Brave grandpa talks about worrisome diagnosis despite no signs or symptoms

Grandpa shared his shock after being diagnosed with prostate cancer despite not showing any signs or symptoms.

Speaking boldly about his experience, Ray Pownall says he began to feel “out of his element” in the weeks before he was diagnosed, but suspected it could be due to diet-controlled diabetes.

He made an appointment with his GP, who confirmed he was having a “spike” of diabetes.

Ray’s prostate-specific antigen (PSA) levels were also found to be high on routine blood sugar tests, and the 78-year-old man was sent for additional tests. Just a few days later, he was diagnosed with stage III prostate cancer, which had spread to his bladder.

Ray was visiting family in Canada with his wife, Pat Stoneking, when he received the news, according to the Liverpool Echo, and the couple had to return to the UK early for the retired paramedic to begin treatment. Grandpa will have a scan next week, after which he will begin six to eight weeks of hormone therapy, followed by another four weeks of treatment.

Ray said the news came completely out of the blue as he had no signs or symptoms. He told Echo: “It was a complete shock. I had no idea. I’m in good shape for my age and I thought it might be a mixture of jet lag and my diabetes. UK and January 6th came to a consultant who said it was worse than they thought and that it had spread.”

He added: “I didn’t have any warning symptoms, so it came as a complete shock to me. I just recently found my family in the last few years and my wife contacted my sister in America and we learned that three of my four brothers had prostate problems and my father had. I should have told my sons here in England to get tested and both of them.”

Ray, who was born in Wiston, shares his story in hopes of raising awareness and encouraging others to get a prostate exam. He said, “I knew something was wrong, but I couldn’t point my finger at it. It’s a silent killer, something that grows and you don’t know it’s there.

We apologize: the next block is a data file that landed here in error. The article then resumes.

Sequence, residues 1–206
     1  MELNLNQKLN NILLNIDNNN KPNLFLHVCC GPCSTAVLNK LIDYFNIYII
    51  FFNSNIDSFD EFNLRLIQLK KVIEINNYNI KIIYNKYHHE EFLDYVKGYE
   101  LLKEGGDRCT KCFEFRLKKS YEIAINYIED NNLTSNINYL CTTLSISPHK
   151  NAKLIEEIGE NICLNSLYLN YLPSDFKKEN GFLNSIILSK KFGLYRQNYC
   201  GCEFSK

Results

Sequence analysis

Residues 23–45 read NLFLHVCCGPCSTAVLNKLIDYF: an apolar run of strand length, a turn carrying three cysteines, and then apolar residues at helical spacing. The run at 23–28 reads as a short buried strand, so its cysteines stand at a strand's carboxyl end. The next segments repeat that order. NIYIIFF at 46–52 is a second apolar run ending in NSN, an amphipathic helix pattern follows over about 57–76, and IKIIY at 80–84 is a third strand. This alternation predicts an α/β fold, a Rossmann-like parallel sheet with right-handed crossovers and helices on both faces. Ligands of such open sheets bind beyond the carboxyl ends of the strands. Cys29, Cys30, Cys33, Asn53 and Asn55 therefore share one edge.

“All men over 50 should be tested, but if you have signs or symptoms, you may want to get tested sooner. Don’t put it off, this is a simple test, a bit embarrassing but important. If you leave it too late, it will spread. gets all of you.

“The second I open my eyes in the morning, it’s there, the word ‘cancer’ comes to my mind and it’s the last thing I think about before going to bed. He is with you 24/7. He will never leave, but you have to keep trying your best.”

Ray’s wife Pat has been posting updates on her social media to keep loved ones informed and raise awareness. Speaking about her cancer diagnosis, she said: “While it was a wonderful Christmas and New Year, this shockingly sad news hit the country hard. Ray is well known in the community, having been born in Wiston and spent his entire 78 years in and around St. Louis. Helen works as a paramedic for 40 of them and is now an avid wildlife photographer. For many of you this will be very sad news, your support and good wishes will help him in his battle.”

Prostate cancer

According to the NHS, prostate cancer usually develops slowly, so it may not show any signs for many years. Symptoms of prostate cancer usually do not appear until the prostate is large enough to infect the tube that carries urine out of the bladder from the penis (urethra).

When this happens, you may notice things like:

  • increased need to urinate
  • straining while pissing
  • Feeling like your bladder hasn’t emptied completely

The causes of prostate cancer are largely unknown. But some things can increase your risk of developing this condition, such as your age and family history.

More information can be found on the NHS website here.

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